Welcome to Varied Expressions of Worship

Welcome to Varied Expressions of Worship

This blog will be written from an orthodox Christian point of view. There may be some topic that is out of bounds, but at present I don't know what it will be. Politics is a part of life. Theology and philosophy are disciplines that we all participate in even if we don't think so. The Bible has a lot to say about economics. How about self defense? Is war ethical? Think of all the things that someone tells you we should not touch and let's give it a try. Everything that is a part of life should be an expression of worship.

Keep it courteous and be kind to those less blessed than you, but by all means don't worry about agreeing. We learn more when we get backed into a corner.

Saturday, March 26, 2022

Opus 2022-107: Basic Beliefs II: The Foundation, part 3 of 4

There are three main reasons for different Bible translations.  The first is having translators that want to put their cultist spin on the book.  You see this in the translation of the Jehovah’s Witnesses in the verse I quoted in a previous post.  Christians translate I John 1:1 “and the Word was God.”  They say, “and the word was a god.”  One problem with that is the Greek has no indefinite pronoun “a”.  These groups, who are not Christian even though they often act like it, have a belief system that is developed outside the Bible and they are then trying to pervert that book to back up what they say.  Their translations are a waste of time for Christians.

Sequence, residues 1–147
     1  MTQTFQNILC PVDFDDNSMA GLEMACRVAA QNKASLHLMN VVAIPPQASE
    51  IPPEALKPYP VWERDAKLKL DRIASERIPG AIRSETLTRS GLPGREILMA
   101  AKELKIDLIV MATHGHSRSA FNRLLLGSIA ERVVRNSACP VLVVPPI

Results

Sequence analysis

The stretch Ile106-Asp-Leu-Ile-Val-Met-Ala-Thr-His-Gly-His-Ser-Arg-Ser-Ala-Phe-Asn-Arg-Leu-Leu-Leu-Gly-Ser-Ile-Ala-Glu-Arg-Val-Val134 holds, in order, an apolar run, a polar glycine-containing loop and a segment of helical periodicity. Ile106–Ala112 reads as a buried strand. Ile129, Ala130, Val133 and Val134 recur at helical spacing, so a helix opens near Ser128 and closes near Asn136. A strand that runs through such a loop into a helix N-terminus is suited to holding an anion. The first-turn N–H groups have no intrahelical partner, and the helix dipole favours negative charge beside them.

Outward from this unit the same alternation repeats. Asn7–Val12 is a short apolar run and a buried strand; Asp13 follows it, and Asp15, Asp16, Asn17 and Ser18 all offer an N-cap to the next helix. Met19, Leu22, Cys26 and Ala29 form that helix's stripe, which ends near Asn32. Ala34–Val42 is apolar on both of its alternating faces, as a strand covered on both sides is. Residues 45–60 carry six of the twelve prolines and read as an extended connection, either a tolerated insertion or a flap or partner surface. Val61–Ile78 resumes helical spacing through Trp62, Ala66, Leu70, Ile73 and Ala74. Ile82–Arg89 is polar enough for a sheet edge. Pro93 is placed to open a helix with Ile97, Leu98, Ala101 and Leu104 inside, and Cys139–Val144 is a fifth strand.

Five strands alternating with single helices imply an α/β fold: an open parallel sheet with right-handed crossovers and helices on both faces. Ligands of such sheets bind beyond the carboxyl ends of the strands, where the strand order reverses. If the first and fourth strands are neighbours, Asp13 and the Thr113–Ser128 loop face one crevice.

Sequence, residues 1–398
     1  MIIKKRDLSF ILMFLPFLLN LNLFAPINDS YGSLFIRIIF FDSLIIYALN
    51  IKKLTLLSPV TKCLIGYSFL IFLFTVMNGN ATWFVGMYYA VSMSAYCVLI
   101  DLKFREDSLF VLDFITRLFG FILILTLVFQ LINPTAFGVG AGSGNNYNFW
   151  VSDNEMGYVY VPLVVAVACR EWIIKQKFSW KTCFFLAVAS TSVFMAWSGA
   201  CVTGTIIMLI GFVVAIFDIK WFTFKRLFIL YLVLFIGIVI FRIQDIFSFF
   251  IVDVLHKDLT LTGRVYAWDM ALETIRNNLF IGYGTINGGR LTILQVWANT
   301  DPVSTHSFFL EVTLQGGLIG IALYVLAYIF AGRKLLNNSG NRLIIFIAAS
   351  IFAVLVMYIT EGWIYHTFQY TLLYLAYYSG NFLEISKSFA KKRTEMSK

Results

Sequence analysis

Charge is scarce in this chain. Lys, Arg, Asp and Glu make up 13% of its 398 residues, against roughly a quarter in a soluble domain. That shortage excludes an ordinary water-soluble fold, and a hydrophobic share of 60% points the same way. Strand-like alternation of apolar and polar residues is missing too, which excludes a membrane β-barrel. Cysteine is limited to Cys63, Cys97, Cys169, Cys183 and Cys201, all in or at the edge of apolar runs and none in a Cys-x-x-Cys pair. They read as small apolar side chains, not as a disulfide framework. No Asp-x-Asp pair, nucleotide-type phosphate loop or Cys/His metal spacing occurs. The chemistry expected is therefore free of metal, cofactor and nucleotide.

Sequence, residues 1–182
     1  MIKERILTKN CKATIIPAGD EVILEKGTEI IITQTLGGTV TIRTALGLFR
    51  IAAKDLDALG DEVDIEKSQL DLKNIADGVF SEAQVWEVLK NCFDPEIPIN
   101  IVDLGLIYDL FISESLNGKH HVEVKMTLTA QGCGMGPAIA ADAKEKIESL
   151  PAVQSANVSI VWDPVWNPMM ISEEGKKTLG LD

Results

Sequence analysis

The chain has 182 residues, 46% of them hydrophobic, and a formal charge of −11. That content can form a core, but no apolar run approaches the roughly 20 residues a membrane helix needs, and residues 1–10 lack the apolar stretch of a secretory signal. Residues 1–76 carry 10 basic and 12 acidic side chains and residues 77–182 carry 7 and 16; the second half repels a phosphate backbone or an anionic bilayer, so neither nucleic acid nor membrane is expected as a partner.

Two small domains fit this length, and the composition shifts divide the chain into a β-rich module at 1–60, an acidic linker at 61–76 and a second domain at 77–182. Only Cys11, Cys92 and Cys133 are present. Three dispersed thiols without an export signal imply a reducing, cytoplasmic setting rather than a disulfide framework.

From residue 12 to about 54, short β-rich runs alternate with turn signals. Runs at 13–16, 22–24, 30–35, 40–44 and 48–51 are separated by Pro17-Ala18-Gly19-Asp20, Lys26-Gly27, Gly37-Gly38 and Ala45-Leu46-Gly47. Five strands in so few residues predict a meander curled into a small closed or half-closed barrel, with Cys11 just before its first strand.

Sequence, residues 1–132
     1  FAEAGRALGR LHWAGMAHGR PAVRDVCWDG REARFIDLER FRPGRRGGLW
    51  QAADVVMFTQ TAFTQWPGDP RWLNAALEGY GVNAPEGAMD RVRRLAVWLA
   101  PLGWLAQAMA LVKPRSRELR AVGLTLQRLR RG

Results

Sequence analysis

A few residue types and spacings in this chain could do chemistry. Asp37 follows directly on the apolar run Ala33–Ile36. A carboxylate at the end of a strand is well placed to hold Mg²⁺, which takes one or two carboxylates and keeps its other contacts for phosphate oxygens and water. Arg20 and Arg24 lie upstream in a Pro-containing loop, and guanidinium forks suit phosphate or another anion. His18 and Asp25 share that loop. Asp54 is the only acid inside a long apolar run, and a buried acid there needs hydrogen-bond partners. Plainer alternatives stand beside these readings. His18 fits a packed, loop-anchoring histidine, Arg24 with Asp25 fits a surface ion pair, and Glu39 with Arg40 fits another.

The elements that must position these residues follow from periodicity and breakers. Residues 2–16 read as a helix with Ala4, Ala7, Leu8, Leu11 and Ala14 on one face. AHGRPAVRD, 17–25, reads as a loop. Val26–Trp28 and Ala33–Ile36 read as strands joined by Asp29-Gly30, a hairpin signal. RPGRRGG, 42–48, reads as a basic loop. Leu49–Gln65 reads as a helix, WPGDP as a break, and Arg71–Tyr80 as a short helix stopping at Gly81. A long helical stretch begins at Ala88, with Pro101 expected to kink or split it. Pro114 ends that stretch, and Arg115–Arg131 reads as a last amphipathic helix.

A second reason for different translations is that there are two major groupings of manuscripts.  One group has the most pieces containing writing and is thus called The Majority Text.  These range from just a few lines up to entire books.  The other collection is smaller in number but supporters claim to be generally older.  The Majority Text was used in the King James Version.  As far as I know it is the only one that is based on that grouping today.  Most modern translations also consult the older samples.  Even the New King James fits into the second group according to a friend I have who is a “King James Only” person.  Opinions can get really strong and I am not going to wade into that now.

The third reason is different philosophies of translation.  One method is word-for-word, or as close as can be done (KJV, NASB, RSV).  A second approach is sometimes called dynamic equivalence.  This tries to take the ideas of a passage and put them together in a more modern way (NIV, GNB, The Message).  A third is to simply try to paraphrase with the emphasis on simple vocabulary and contemporary phrases (Living Bible, Cotton Patch Version).

To be concluded...

homo unius libri

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Comments are welcome. Feel free to agree or disagree but keep it clean, courteous and short. I heard some shorthand on a podcast: TLDR, Too long, didn't read.